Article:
University of California, Davis: NIH Renews Knockout Mouse Project for 3rd Time

The University of California, Davis, has been awarded just over $12 million from the National Institutes of Health under the third and final five-year phase of the Knockout Mouse Phenotyping Project, or KOMP2. UC Davis is the lead organization in a consortium involving a partnership with The Centre for Phenogenomics in Toronto.

“Knockout” mice are bred in a laboratory with specific genes silenced or “knocked out.” These mice have been valuable tools for fundamental research on a wide range of diseases and conditions.

The goal of this final phase of KOMP2 is to produce and phenotype hundreds of knockout mouse models for genes with little to no known function, in an effort to better understand the genetic bases for diseases in humans and animals, said principal investigator Kent Lloyd, professor in the Department of Surgery in the UC Davis School of Medicine and director of the UC Davis Mouse Biology Program.

For the last 24 years, the UC Davis Mouse Biology Program has been a global leader in innovation and translational research to develop and optimize mouse models of human and animal disease. For example, knockout mice developed through the program have helped identify genes related to eye disease and autism spectrum disorder.

International effort on mouse models of disease
The Jackson Laboratory in Bar Harbor, Maine, and a consortium led by Baylor College of Medicine in Houston, also received separate NIH awards under this phase of the KOMP2 program. All three awardees will continue to participate in the International Mouse Phenotyping Consortium (IMPC) of 21 institutions in 15 countries that have, to date, produced and studied over 8,000 knockout mouse lines, including models for human diseases ranging from Parkinson’s disease to cancer.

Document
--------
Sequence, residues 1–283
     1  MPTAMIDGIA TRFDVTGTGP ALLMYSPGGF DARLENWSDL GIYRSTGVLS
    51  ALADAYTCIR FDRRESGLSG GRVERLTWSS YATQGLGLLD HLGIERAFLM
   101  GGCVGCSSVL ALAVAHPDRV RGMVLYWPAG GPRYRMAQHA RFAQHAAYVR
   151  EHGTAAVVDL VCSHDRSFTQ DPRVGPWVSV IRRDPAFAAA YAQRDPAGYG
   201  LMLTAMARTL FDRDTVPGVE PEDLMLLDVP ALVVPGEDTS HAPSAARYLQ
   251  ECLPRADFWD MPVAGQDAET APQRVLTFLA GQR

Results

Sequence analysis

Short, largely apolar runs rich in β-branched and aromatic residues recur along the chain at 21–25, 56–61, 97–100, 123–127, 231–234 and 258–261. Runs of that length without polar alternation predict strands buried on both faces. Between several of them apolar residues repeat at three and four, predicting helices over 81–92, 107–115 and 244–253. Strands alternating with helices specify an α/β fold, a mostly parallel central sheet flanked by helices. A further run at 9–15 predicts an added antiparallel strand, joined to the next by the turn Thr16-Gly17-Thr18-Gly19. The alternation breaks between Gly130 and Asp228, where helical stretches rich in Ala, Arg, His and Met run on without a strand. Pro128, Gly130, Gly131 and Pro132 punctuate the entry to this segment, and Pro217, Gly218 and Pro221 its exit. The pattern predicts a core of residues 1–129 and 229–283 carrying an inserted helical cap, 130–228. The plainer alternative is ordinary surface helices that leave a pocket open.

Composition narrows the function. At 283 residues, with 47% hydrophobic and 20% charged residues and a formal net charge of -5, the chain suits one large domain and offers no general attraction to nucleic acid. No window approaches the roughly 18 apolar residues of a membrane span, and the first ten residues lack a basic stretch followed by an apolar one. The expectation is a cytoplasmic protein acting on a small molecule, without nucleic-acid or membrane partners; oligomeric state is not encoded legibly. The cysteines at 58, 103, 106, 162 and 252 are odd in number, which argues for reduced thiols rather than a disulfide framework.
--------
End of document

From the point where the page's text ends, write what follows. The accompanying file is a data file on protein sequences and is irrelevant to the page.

Gene knockout mice exist for about 75% of the corresponding genes in the human genome, Lloyd said. The new KOMP2 awards and collaborative efforts by other IMPC members over the next five years will increase this close to 100%, he said.

Over the past 10 years, 3,000 unique knockout mouse lines produced by IMPC members have been shared with the research community and used in 4,676 published papers to date.

Finding the function of every gene
“As the flagship project in the NIH KOMP2 program, UC Davis has built a solid reputation of providing innovative approaches and next-generation strategies to catalyze and accelerate the development of genetically altered mouse models for biomedical research,” Lloyd said. “Our team is excited to continue our participation and leadership in the KOMP2 and IMPC to assist researchers, translational investigators and clinician scientists identify, access and use the most appropriate mouse models to study functional genomics in health and disease.”

The NIH initially funded the Knockout Mouse Project, a consortium including UC Davis and other partners, in 2006. The project was renewed in 2011 and again in 2016.

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